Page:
King David Hotel

A take on the King David Hotel Bombings in Tel Aviv in 1946. An imagined story of the different perspectives of all the nationalities involved, looking at their motivations and drives in fictional form. Though the characters are named, their motivations and actions are to an extent imagined.

This first draft has only the British and Jewish views currently, don't worry, I will have a Palestinian view shortly, and I will attempt to achieve narrative parity soon.

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1. Prologue

15th June 1946

 

It became obvious that the army slogan David Thompson had been used to in his years of service - 'join the army and see the world' - was not really needed when you entered Jerusalem.

David had been to many places as an army officer, but he had never been to a place where the world came to you. A city where every corner you turned produced different sights, smells and tastes that barraged the senses and demanded notice. The markets were always full of stalls, merchants selling goods - all exotic and enticing to a Briton - whilst the exquisite clothing of the rich put the suits of English gentry to shame. Alongside these visions of wealth came the poor, as they always did, small boys wandering each square, ready to grab a dropped fruit, or rip the moneys from an unguarded pocket. Jerusalem seemed to him to be a cauldron of peoples, all vying for breath, for life.

That was without the pilgrims.

Walking along the streets he was still only getting used to, you would see nearly every nationality: Americans, French, Russian, Palestinian, Iranian, all here to worship and praise. David was not much of a religious person - he did his job, and that was all - but he marvelled the multitudes of people who travelled huge distances, rich and poor, to walk through the dirty streets, past the busy markets and risk the ever present pick pocket. How could one city in the middle of the desert have garnered such a following?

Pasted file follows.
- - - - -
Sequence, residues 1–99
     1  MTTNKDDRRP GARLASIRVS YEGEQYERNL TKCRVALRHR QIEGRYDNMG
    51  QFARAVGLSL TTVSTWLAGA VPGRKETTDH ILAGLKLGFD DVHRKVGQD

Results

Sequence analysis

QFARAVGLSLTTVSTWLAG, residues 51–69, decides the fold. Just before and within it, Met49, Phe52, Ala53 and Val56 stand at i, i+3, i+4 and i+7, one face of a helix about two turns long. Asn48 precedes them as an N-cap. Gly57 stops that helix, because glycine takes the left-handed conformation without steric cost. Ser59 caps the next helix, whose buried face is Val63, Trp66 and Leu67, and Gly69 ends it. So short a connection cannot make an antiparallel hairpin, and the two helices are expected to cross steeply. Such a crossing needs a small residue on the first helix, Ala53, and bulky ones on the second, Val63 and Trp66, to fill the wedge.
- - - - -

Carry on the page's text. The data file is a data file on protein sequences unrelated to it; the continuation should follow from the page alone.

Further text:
David was based at the King David Hotel, that they shared a name was a source of constant ribbing from his colleagues, it was 'his kingdom' and he was mockingly called 'King David' since the day he had arrived. All this was not helped by the fact that nearly all the people he worked with were men from high society, born to their Foreign Ministry jobs, whereas David had come from lower stock - his father worked in the London Docks - and making him feel an outsider, not belonging.

The fact that he and everyone else sent here were constantly under threat of attack didn't help either.

Palestine for 30 years had been controlled by Britain, and unrest had been growing ever since, simmering in the eastern sun. David had felt hot eyes burning on him throughout his regular exploratory strolls through the old city, no matter whose eyes they were.

Both the Jewish and the Muslim quarters showed the most hatred - here the sun felt hottest, the streets most unforgiving. This though, was unsurprising given what the British had done. David cursed his superiors. How could they be so blind as to promise two people's the same piece of land? Now both hated the British as much as they hated each other.

Now the heat of summer was almost unbearable.

Something had to give.

 

 

 

 

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